Cresson’s response to the elven girl’s claim surprised Phen.
“The High King has already gone to Borina to deal with the matter. There is also a standing order for you and Master Oarly to report to Lord Gregory immediately.”
“What is that about?” Phen asked the distant mage.
“I don’t know, Phen. A giant named Borg came to Dreen. A real giant, with a pack of great wolves. I overheard him talking to King Mikahl. The giant gave him a scroll from Sir Hyden Hawk himself. The next day, the High King made the order for you to report here immediately.” Cresson paused only to catch his breath. “They found some undead men, left over from Pael’s army. I am readying to travel to Westland to aid Lord Spyra in tracking them down.”
Phen had quit listening when he heard Hyden’s name. When Cresson finally stopped speaking, Phen said, “Tell Lord Gregory that we are leaving O’Dakahn this moment. We will sleep along the way. And Cresson—” Phen paused to see if the castle mage was paying attention. “Don’t tell anyone, other than Lord Gregory or the High King, about the elven girl. Do you understand?”
Cresson seemed displeased at having to keep his mouth shut, but he agreed. After a brief parting courtesy, Phen ended the sending.
He was so excited to get back, he didn’t bother to put a cloak over himself as he followed Oarly and the robed elven girl off the ship. Without a care, he strolled down the dock to their carriage. When they saw him, the people of O’Dakahn, hundreds of them, stopped what they were doing and stared. Heads bowed in respect, some even took a knee.
“What is that all about?” the elf asked Oarly from under her hood.
“Marble Boy here rode a dragon into this city and freed these people from Ra’Gren’s slavery.”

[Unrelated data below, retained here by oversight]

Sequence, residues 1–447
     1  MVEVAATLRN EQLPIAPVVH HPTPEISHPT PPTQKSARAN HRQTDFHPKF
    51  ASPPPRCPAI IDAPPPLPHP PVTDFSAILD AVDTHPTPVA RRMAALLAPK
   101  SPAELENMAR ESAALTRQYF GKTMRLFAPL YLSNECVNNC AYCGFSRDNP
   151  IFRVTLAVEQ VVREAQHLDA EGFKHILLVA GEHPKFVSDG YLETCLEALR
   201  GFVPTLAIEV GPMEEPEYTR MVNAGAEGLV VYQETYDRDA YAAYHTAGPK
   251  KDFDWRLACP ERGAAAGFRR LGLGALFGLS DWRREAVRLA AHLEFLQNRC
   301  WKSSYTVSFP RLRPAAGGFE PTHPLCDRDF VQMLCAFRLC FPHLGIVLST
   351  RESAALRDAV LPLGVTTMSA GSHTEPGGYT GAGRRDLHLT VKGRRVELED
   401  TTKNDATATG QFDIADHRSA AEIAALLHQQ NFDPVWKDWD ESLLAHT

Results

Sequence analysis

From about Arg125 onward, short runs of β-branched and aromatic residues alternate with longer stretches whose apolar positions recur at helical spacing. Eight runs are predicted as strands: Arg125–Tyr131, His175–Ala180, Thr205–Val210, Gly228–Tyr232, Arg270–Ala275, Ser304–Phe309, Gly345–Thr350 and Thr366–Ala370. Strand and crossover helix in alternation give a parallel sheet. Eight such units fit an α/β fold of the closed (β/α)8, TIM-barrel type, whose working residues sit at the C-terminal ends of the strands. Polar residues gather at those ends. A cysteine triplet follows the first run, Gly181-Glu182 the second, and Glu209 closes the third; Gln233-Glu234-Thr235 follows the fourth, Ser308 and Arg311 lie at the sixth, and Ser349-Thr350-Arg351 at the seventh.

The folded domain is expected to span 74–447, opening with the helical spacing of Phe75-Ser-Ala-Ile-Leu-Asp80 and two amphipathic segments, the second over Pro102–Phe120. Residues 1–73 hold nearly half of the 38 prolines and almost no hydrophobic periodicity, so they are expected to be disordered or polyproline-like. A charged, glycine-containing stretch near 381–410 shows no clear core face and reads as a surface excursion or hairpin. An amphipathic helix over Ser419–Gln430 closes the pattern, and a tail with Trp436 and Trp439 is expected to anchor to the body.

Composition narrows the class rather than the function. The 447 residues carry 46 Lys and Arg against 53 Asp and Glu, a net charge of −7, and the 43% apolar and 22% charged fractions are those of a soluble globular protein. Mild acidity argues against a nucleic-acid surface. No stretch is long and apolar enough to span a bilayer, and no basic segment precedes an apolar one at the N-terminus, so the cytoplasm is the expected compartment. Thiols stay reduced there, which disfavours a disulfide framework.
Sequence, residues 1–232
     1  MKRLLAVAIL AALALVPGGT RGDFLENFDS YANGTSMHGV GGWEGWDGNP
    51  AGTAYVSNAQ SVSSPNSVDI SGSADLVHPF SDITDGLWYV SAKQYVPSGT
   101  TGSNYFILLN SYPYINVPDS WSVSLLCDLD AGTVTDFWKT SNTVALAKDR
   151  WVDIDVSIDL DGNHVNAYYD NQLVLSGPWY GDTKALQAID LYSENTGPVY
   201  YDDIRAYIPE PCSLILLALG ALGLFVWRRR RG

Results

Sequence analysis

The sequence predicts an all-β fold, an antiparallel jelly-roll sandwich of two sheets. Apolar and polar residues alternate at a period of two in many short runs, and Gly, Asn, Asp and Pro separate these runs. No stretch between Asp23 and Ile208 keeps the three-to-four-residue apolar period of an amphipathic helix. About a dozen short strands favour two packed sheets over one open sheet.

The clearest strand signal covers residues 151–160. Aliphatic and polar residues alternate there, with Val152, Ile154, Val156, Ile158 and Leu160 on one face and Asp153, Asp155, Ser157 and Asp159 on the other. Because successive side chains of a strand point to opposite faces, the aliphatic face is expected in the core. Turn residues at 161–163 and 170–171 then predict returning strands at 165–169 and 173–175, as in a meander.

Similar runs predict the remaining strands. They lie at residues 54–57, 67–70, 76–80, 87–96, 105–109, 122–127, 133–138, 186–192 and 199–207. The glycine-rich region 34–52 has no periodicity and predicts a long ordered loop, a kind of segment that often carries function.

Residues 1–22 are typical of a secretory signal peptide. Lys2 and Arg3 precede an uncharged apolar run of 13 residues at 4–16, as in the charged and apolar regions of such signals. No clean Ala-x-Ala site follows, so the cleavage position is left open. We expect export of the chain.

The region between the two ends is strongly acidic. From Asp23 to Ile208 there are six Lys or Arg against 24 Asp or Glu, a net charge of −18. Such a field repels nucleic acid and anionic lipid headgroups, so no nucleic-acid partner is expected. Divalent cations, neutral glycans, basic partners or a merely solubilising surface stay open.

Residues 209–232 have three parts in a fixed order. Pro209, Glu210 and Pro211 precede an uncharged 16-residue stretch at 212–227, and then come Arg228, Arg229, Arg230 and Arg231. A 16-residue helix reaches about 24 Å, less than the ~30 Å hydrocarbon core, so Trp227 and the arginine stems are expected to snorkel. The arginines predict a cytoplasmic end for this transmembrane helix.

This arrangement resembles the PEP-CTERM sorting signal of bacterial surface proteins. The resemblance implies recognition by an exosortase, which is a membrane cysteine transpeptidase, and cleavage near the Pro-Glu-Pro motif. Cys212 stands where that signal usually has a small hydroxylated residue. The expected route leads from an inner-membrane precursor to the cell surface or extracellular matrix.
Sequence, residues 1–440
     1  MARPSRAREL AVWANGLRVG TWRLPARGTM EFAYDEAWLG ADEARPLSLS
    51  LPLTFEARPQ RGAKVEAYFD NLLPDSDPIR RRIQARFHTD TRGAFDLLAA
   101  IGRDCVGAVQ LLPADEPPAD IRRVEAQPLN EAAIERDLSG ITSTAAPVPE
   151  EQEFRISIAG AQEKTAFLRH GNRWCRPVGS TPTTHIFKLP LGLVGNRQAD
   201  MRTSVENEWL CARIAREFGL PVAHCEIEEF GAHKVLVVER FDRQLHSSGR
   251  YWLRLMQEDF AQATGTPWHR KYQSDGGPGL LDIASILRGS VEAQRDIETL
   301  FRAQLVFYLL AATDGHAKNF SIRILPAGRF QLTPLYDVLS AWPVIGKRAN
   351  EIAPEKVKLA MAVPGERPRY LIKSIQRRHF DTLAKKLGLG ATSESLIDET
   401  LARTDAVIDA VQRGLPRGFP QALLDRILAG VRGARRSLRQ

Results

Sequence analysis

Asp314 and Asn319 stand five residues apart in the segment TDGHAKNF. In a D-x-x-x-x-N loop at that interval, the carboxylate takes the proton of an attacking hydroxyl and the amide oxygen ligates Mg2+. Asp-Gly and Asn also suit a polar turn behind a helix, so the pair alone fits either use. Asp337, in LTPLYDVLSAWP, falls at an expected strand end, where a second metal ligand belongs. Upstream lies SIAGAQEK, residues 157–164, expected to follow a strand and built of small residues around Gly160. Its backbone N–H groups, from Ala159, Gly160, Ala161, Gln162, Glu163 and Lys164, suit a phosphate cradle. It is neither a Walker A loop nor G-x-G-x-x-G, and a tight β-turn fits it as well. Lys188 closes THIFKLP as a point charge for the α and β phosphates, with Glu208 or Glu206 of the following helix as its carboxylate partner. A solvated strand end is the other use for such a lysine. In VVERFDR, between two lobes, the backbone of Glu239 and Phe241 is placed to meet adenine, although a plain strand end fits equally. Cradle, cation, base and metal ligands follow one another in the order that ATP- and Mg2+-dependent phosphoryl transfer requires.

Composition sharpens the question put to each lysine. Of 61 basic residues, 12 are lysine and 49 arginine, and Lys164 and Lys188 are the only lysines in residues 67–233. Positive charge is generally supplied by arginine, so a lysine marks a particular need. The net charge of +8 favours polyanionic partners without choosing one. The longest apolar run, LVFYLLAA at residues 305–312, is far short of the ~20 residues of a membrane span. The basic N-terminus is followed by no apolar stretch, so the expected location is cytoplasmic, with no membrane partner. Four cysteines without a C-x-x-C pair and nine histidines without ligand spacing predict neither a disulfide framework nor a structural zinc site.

“King Mikahl, King Jarrek, and even you were there, Oarly,” Phen replied. “I didn’t do anything by myself. All I mostly did was hang onto Claret.”
Oarly stopped them midway down the plank-walk. “No, lad.” Oarly’s voice was serious and held much reverence. “You and Claret saved all of us. We were about to be crushed by the Dakaneese soldiers, and those slimy skeeks outside the city wall.”
“I barely knew what was happening,” Phen argued as he herded them back into motion. “Claret did it all.”
Oarly leaned over and whispered to the elf, “He’s being modest because he likes you, I think.”
Once again, Phen found himself feeling the urge to blush, but his stony flesh wouldn’t allow it. He found that he wished he’d remembered to put on boots, gloves, and a cloak, so that he wouldn’t attract so much attention, too. Now the people on the streets were staring at him, and would until they were well out of the city. He was thankful that Oarly had gotten a covered carriage for them to travel in. The eyes of so many made him feel uncomfortable and strange. He was certain that if he didn’t appear as a marble-skinned freak, his heroic status would draw far less attention.